Office suites in the cloud: Microsoft Office Web Apps versus Google Docs and Zoho
Microsoft's fledgling Web-based productivity apps have one key advantage over SaaS rivals: amazing fidelity to the desktop-bound Word, Excel, and PowerPoint document formats
But most of us in the real world have given up on the "paperless office," and once your feet land back on the ground, Docs disappoints once again. In keeping with its Spartan feature set, printing is thoroughly mediocre. As already noted, Docs seldom gets pagination right, particularly where images come into play, and it thinks nothing of breaking a page midtable. Fonts that render correctly onscreen might not print, and graphics come out blurry and jaggy.
Joel Spolsky once wrote that the problem with lightweight office suites is that 80 percent of users need only 20 percent of the features of Microsoft Office, but it's a different 20 percent every time. Google Docs doesn't give you all of the features of Office and it doesn't try to. Unfortunately, in its present state it's missing so much that it's sure to lack something for just about everybody.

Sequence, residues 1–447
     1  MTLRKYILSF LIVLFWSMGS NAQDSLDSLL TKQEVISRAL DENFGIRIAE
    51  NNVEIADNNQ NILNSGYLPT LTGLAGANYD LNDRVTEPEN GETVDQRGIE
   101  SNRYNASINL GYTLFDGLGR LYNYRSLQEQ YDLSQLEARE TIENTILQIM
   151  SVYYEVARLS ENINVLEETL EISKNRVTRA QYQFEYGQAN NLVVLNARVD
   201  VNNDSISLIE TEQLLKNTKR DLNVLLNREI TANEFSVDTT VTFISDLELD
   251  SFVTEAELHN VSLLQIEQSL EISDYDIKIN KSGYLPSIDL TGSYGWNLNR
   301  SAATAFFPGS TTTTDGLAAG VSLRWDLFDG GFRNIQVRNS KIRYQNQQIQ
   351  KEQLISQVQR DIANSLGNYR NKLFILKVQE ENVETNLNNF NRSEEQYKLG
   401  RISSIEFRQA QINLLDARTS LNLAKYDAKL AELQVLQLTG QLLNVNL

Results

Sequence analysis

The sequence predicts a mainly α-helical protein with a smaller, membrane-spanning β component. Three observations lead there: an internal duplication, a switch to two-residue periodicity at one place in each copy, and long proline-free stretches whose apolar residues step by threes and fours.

Zoho: A SaaS back office for small business
Zoho offers a slightly different take. While Google Docs presents a Spartan UI that emphasizes the online aspect of the suite, Zoho makes more of an effort to mimic the look and feel of traditional desktop applications. The results might seem more familiar to new users, but they also underscore the limitations of this strategy.
One problem is that Zoho's offering seems to have grown rapidly, with little thought to consistency. One application's menu might resemble a panel of buttons, while the next looks like tabs, and a third favors a drop-down layout. Icons and menus move around the toolbars from one app to the next. The spreadsheet's interface offers a choice of colored themes, but the other applications do not. A pull-down menu makes moving between applications simple enough, but the lack of a common UI undermines the illusion that this is an integrated suite.
Zoho has a few features that Google Docs lacks, but most are minor. For example, Google's word processor offers a robust equation editor based on the TeX language, but Zoho's equation editor is better. Zoho's thesaurus gives the part of speech for synonyms, while Google's does not. And Zoho allows you to insert HTML and CSS directly from files on the Web, rather than simply editing it in your browser as Google Docs allows you to do.
Like Google Docs, Zoho encourages Web-based publishing and collaboration. Here, Zoho's minor advantages include the ability to post to blogs directly using the MetaWebLog or Blogger APIs, the ability to generate a "doc roll" of recent documents for embedding in a Web site, and integration with EchoSign for digital signatures.